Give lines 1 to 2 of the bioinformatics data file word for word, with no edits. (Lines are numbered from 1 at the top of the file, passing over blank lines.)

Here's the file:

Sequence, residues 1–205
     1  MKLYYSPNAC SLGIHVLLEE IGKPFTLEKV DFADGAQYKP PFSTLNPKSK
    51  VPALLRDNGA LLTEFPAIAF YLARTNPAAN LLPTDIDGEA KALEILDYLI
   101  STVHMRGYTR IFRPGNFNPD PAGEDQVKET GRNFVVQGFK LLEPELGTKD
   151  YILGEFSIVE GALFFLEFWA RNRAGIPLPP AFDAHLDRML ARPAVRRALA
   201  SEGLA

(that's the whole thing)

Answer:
Sequence, residues 1–205
     1  MKLYYSPNAC SLGIHVLLEE IGKPFTLEKV DFADGAQYKP PFSTLNPKSK